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Every Supply Chain has more than one virtual supply chain in it.
Virtual supply chain indicated here is
neither a web enabled supply chain nor a concept that practitioners
cannot relate to. It has nothing to do with IT and it is not a theoretical
framework. It is experienced daily by managers involved in managing
supply chain, developing supply chain strategy and those who are planning
to compete in the market place through an efficient and effective supply
Consider a simple supply chain, where
- It has physical set of facilities - suppliers, plants, warehouses,
distributors, dealers etc.
- This physical supply chain caters to customers through a mix of
products and services.
- All customers are neither same nor are their requirements common.
- Each customer segment has different expectations from the supply
- This calls for a different set of stocking, ordering policies and
different planning and execution processes catering to the needs of
each customer segment.
- These are the virtual supply chains existing within the boundaries
of one physical supply chain.
However, at times, these virtual supply chains are not visible to operational
mangers. Hence, they keep on changing supply chain systems and processes.
As a result in spite of best efforts, optimization tools and highly
skilled people, the best out of supply chain is not extracted.
To extract the maximum value from your supply chain, it is imperative
to examine closely the existing processes and recognize the virtual
supply chains operating within.
Take a case of a cement company
with a single product.
The company has its own integrated manufacturing plant, which produces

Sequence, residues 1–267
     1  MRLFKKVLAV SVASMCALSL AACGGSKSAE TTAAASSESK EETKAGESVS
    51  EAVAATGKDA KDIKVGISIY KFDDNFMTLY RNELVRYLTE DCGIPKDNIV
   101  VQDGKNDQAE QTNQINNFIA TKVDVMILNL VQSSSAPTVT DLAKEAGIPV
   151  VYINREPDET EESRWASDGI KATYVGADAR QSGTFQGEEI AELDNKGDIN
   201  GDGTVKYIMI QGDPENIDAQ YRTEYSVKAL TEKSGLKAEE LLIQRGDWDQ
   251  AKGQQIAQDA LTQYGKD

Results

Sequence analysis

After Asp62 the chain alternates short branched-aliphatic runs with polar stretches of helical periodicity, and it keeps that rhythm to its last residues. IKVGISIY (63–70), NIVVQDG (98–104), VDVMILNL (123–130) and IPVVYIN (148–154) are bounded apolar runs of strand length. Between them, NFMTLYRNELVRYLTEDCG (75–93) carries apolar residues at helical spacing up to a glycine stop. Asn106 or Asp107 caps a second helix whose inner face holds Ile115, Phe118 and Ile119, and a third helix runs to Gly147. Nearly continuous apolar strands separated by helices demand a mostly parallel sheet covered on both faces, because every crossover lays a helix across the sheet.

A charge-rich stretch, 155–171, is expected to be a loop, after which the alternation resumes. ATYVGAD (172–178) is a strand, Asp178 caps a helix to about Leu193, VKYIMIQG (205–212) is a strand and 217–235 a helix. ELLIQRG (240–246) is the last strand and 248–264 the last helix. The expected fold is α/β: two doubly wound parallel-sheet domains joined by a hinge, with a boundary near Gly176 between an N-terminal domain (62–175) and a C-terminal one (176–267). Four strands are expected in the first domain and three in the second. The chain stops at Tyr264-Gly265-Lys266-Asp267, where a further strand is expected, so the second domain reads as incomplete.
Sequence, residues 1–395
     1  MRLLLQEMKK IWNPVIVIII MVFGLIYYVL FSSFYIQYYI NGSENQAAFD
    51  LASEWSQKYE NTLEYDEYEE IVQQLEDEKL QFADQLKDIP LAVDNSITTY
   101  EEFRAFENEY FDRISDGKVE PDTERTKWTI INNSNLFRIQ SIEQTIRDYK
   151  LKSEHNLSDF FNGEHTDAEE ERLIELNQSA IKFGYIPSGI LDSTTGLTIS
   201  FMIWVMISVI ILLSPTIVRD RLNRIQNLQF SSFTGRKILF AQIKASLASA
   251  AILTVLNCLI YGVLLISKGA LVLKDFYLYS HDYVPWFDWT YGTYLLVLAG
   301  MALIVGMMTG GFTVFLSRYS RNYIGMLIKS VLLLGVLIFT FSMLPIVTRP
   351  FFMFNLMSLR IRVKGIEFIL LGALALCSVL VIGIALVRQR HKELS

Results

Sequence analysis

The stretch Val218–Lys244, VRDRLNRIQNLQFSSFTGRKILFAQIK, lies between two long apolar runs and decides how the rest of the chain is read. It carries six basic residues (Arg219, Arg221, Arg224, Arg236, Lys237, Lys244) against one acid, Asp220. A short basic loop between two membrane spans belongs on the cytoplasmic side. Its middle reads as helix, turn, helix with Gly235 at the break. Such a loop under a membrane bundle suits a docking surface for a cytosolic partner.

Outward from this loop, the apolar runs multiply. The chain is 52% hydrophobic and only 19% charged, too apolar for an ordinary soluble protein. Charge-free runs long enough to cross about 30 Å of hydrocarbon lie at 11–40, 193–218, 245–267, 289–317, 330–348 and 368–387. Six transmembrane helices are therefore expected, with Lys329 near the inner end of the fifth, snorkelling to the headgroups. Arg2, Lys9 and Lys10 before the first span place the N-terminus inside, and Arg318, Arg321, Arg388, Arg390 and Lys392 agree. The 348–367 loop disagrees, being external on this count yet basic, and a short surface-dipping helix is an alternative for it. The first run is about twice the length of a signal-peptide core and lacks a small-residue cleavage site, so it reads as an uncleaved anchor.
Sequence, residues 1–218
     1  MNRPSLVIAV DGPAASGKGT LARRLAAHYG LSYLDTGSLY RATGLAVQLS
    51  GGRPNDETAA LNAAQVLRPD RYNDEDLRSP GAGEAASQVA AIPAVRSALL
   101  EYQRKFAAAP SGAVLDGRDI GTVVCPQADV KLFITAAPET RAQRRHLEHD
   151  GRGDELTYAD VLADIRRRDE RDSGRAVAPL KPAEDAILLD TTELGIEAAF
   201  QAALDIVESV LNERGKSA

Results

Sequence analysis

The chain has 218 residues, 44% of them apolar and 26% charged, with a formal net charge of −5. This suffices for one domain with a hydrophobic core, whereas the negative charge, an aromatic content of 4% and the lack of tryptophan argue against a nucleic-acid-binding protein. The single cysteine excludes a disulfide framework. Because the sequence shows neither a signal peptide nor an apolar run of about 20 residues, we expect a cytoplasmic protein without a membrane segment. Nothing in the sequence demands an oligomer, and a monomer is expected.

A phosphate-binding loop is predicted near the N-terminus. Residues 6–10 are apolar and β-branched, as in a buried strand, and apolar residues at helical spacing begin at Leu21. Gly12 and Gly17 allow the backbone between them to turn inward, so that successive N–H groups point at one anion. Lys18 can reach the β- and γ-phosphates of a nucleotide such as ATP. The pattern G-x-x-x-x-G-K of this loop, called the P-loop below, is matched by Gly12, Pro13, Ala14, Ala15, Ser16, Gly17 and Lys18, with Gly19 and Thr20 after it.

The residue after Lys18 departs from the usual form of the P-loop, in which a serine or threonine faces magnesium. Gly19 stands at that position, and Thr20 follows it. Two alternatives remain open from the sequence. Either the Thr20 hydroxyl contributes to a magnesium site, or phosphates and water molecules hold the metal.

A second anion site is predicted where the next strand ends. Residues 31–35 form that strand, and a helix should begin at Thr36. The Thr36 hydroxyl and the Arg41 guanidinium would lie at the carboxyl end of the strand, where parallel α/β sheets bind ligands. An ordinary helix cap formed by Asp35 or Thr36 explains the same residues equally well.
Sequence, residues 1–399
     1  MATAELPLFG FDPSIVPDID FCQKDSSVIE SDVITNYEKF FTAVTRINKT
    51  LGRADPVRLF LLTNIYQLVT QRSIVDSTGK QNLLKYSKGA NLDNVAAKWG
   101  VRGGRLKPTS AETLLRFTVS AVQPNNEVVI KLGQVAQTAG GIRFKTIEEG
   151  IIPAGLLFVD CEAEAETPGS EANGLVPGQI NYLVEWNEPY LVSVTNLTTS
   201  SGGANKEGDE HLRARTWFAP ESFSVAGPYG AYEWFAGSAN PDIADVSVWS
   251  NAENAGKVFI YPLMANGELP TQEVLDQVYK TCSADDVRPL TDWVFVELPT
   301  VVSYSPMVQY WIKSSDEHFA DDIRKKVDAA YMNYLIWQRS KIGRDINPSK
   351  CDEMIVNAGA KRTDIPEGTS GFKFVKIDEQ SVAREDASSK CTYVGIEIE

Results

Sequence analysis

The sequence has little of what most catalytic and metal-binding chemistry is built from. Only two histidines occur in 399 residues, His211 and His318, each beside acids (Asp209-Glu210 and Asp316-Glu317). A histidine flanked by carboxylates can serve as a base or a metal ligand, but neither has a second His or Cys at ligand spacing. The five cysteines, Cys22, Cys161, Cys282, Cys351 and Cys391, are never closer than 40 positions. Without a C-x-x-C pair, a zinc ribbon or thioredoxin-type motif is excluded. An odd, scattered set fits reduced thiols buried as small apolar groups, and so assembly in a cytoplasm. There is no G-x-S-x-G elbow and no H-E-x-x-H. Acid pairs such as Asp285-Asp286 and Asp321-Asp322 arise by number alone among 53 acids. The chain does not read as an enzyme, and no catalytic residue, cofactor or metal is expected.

cement at a steady rate. It has a fleet of vehicles for moving cement
from plant to the respective sales points. The company caters to diverse
customer segments that include Ready Mix Concrete manufacturers, Asbestos
sheet manufacturers, Homebuilders, Commercial contractors (office and
commercial complex builders), Project contractors (contractors engaged
in large projects like bridges), Small contractors (catering to home
builder segment) etc.
An RMC company is interested in uninterrupted supply of cement at a
lower cost and so is willing to accept the product in large quantities
and pack sizes. On the other hand, a commercial contractor requires
prompt delivery of cement to the site so that the labor force does not
sit idle. A homebuilder requires small quantities packaged in easy to
seal, move and store bags which remain free from moisture for a longer
duration. Thus the supply chain manager needs to design a different
set of policies for inventory, storage, logistics, order execution and
have a different metrics to measure performance for each of these customer
Thus for managing these Virtual Supply Chains existing within the physical
supply chain, same set of rules, policies, systems and tools cannot
Situation is not different in other industries.
In pharmaceutical industry, the products behave in a different
manner - they may be seasonal or scheme driven; having very stable or
highly volatile demand patterns. Most of the time all these products
are produced with the similar planning parameters, facilities and dispatch
A well designed supply chain caters to the
needs of different customer segments and at the same time manages common
facilities, management, suppliers and distribution channels.
There are two important steps in identifying the virtual supply chains
existing in your supply chain:
This helps to build a customer centric Supply Chain and to acquire the
much desired competitive edge.
- Understanding the End Customer requirements
either from Marketing or from a Supply Chain driven market research.
This will capture the needs of different customer segments from supply
- Supply Chain Assessment, where
the existing processes, performance levels are reviewed and supply
chain processes are redesigned for catering to the identified needs.
2000-10 DecisionCraft Inc.